Fairly good report.
This was a Liberty ship built 1944,
converted to a bulk carrier in 1945 by Marine Transport Lines.
The Board uncovered a number of problems:
The ship had had at least three groundings.
The USCG does not feel this was important.
The ship had a history of wastage.
The USCG does not make much of this;
despite the fact that in November, 1957,
a USCG inspector found and emphasized "working"
in various parts of the structure.
And he found lots of wastage in the bottom plating.
"Vessel grooved all the way across and at turn
of bilges between frames 86 and 87.
Vessel grooved all the way across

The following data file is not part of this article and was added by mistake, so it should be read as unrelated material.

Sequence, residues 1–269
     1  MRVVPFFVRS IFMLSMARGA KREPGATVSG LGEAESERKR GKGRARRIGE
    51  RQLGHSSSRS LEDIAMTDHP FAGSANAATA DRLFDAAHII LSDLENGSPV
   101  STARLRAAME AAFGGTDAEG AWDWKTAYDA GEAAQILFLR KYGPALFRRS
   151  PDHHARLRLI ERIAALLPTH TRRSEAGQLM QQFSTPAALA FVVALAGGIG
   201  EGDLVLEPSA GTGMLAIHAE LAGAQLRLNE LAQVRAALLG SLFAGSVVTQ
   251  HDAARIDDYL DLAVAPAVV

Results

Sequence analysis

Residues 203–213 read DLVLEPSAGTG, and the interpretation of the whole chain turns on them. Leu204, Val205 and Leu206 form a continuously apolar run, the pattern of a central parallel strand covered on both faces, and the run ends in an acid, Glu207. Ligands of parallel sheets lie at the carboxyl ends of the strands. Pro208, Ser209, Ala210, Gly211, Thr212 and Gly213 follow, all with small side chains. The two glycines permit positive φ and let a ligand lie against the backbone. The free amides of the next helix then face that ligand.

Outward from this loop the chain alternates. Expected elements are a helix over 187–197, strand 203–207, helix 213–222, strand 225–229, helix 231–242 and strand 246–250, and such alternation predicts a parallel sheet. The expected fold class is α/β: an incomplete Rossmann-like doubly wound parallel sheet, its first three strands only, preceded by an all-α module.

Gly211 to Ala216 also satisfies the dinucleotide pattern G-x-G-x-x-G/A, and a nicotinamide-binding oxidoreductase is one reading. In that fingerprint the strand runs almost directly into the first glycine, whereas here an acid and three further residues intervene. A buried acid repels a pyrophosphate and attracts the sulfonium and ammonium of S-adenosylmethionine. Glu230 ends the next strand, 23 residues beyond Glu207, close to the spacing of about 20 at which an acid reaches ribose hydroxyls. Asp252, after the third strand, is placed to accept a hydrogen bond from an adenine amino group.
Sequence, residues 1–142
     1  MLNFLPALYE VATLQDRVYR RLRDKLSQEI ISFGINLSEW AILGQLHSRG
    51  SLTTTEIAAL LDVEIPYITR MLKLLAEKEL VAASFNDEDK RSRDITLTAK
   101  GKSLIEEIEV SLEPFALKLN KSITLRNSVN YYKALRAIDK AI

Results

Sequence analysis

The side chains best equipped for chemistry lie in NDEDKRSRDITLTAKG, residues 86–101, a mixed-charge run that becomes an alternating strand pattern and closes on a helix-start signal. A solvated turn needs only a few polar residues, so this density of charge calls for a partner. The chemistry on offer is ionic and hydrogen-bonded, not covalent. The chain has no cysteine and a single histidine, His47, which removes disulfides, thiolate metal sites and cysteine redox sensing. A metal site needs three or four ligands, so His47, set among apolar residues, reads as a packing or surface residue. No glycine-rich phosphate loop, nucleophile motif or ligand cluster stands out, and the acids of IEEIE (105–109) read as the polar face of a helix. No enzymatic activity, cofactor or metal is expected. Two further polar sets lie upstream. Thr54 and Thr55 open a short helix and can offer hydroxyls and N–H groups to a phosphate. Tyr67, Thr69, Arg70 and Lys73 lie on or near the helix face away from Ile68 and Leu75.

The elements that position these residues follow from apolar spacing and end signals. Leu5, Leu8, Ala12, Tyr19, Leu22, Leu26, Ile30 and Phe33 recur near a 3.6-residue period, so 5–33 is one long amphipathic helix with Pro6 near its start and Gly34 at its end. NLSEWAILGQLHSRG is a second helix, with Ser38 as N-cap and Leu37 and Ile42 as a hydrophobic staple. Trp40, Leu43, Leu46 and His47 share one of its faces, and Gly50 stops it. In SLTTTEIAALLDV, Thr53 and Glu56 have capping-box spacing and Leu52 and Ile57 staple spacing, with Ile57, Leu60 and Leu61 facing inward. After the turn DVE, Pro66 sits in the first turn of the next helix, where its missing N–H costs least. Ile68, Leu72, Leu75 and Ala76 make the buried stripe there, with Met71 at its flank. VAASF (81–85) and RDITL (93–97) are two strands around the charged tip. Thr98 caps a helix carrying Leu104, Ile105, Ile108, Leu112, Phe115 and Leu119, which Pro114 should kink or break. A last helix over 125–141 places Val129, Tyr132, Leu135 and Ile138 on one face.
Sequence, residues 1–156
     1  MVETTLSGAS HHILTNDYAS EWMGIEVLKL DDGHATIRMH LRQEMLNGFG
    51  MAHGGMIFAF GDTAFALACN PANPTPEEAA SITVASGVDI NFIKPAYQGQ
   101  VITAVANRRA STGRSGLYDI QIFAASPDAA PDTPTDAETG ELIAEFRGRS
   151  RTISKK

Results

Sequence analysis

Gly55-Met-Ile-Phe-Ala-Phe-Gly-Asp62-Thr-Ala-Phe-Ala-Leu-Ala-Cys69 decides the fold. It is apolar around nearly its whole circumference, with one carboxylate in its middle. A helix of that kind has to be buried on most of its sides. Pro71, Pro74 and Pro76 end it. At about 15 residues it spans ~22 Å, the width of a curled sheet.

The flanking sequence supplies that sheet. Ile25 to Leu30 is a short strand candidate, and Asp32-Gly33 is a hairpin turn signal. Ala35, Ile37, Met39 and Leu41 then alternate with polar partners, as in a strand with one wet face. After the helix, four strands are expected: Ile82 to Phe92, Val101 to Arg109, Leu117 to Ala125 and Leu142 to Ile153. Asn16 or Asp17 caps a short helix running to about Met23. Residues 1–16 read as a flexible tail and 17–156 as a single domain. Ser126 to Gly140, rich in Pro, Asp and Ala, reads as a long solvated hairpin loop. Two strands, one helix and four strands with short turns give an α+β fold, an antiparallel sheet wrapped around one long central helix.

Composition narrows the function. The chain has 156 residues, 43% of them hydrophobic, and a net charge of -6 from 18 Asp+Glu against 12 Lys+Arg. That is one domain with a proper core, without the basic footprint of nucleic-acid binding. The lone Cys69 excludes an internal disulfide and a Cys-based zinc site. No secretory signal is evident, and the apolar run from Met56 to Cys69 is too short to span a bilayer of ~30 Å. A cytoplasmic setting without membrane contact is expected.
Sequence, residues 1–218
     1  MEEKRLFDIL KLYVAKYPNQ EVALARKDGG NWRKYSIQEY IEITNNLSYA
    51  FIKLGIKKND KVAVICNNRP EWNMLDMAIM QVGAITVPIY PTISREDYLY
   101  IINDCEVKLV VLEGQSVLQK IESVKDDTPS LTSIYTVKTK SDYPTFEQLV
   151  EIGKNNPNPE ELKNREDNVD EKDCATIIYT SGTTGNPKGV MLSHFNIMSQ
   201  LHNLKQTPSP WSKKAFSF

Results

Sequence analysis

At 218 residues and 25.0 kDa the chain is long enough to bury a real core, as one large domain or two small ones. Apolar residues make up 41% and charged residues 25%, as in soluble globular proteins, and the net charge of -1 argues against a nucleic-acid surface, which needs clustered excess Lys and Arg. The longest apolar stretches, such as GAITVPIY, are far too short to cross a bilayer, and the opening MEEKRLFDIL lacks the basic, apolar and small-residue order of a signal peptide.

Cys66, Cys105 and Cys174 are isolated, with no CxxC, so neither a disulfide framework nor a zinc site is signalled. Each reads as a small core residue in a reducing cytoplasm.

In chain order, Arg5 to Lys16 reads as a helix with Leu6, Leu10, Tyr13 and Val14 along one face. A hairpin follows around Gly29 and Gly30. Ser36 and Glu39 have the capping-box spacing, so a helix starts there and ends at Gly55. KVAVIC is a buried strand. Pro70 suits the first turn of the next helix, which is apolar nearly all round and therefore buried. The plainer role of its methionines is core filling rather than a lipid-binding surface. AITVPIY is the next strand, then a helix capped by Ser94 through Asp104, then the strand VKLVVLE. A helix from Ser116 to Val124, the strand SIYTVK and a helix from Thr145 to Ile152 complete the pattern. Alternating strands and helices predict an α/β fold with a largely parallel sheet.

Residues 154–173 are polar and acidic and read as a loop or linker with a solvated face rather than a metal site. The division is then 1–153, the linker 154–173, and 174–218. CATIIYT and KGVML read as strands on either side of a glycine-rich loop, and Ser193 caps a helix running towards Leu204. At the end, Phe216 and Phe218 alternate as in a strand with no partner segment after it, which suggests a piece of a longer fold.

but not into the bilges between frames 68 and 69."
"Vessel has recently experienced heavy weather
and bottom damage has apparently been caused
by this recent heavy weather."
Some of this steel was replaced at this docking.
This was a five hold ship.
All the sulphur was loaded into Holds 2, 3 and 4
which was legal (and apparently standard MTL practice)
but ended up with a sagging moment
four times that had the ship been loaded evenly.
Also resulted in heavy loading of the inner bottom.
The ship split "just forward of the forward part
of the No 3 hatch coaming at about frame 73."
Ship was hove to at the time.
Up to Force 10 winds.
Heavy easterly swell for at least 20 hours.
Air temp of 37F, sea temp of 44F.
The Board concluded the main problem
was brittle fracture.
The Commandant disagreed,
focussing on the strange loading pattern.
Supporting the Commandant's position,
the main deck plating held the two halves together
for about six hours, working ductilely
which allowed the crew to stay on board until daybreak.